The future of data mining

Philip Howard

Written By:
Published: 6th August, 2009
Content Copyright © 2009 Bloor. All Rights Reserved.

IBM's recent announcement that it is to acquire SPSS not only has implications in terms of the completeness of IBM's analytics offering but it also has ramifications for the future of data mining as a whole. It is the latter upon which I will focus.

There are two aspects to this: the first is with regard to the choices available to users wishing to use data mining tools and the second is with respect to in-database data mining. I will discuss this second issue first.

Traditionally, in order to perform data mining operations you extracted the data from the data warehouse or mart, into the mining tool where you processed it. The problem with this is that there is a significant performance hit from the extraction of all that data. Of course, you could reduce that impact by sampling the data, but then you lose accuracy. As a result, the trend recently has been to perform mining processes "in-database". And one of the first announcements we can expect after the acquisition is complete is that IBM will be implementing SPSS functionality in DB2.

Now, both Oracle and Microsoft have the ability to process mining algorithms in-database (as indeed does IBM) but neither of these has a tool like SPSS, so this will give IBM a significant advantage over these two. However, almost the entirety of the rest of the warehousing market has no such capabilities, the exceptions being where SAS has been working with Teradata, Netezza and others to implement SAS capabilities in-database. Also notable (and to be commended for their foresight) is Netezza, which acquired NuTech Solutions last year, though this is more of a tool for building predictive applications than a data mining tool per se.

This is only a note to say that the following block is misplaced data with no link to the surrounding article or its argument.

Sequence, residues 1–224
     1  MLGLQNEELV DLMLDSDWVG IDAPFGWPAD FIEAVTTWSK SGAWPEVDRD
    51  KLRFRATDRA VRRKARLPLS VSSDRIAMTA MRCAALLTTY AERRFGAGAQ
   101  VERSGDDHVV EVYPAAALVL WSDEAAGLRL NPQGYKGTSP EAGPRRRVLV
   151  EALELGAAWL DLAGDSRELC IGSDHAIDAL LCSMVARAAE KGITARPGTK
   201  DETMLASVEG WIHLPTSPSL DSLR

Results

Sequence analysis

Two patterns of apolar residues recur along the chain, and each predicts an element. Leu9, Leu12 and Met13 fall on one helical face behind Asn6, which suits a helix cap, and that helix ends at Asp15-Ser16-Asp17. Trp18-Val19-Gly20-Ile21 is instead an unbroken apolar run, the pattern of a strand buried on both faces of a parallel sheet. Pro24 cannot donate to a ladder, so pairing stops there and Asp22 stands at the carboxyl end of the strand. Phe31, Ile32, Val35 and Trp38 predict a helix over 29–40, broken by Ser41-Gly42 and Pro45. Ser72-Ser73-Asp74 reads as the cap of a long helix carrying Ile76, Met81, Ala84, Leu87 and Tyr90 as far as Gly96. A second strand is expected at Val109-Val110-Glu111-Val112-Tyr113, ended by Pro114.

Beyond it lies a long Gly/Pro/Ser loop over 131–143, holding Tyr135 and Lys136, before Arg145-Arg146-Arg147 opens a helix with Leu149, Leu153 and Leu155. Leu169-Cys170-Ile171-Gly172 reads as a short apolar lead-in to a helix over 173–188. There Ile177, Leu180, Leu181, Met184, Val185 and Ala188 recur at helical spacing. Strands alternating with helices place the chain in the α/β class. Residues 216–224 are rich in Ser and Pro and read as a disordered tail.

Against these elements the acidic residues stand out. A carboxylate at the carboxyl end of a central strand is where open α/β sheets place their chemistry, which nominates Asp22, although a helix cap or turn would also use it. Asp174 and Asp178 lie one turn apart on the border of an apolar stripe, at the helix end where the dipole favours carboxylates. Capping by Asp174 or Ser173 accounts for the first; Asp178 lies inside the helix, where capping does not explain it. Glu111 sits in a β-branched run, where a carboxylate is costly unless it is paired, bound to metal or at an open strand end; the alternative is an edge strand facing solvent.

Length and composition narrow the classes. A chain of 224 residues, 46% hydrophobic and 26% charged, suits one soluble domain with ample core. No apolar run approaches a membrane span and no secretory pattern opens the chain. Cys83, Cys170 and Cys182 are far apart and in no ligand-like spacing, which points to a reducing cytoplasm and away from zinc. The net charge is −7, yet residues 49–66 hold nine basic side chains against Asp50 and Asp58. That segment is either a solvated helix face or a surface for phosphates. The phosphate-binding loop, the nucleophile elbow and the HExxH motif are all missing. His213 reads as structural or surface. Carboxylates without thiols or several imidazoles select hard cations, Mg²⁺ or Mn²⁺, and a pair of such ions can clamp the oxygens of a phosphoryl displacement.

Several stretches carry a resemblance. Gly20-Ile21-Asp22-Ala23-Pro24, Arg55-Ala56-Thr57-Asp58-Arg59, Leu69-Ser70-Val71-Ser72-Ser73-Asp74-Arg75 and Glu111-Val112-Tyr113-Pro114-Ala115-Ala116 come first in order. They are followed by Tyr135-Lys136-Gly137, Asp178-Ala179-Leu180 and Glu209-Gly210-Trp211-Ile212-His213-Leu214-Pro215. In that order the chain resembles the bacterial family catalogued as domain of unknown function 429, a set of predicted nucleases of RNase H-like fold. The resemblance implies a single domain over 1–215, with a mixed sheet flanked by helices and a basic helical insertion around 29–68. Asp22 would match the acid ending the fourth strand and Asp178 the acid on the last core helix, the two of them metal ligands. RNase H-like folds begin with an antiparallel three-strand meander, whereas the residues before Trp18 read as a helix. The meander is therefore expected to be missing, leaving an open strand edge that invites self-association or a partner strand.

All of this means that most of the warehousing community is going to be utterly dependent on SAS. Those warehousing vendors who do not persuade SAS to invest in the effort involved in implementing in-database capabilities are going to be at a significant disadvantage compared to those that do. This is good news for Tibco.

Historically, there has been one major data mining vendor (SAS), one middling player (SPSS) and several tiddlers. The tiddlers used to include Angoss, Kxen and Insightful, amongst others, and there has never been any indication that any of these smaller players could break the industry stranglehold exerted by SAS and SPSS. However, Tibco acquired Insightful last year following a previous acquisition of Spotfire. And Tibco is not a tiddler. The company also has a leading event processing engine. Put these facts together with Tibco's focus on the predictive enterprise and you have a company that has the potential to fill the gap left by IBM's acquisition of SPSS. Whether it will do so or even attempt to do so is another matter but the potential is there. Personally, I hope they do: however much I may like SAS I would prefer it if they had some real competition.

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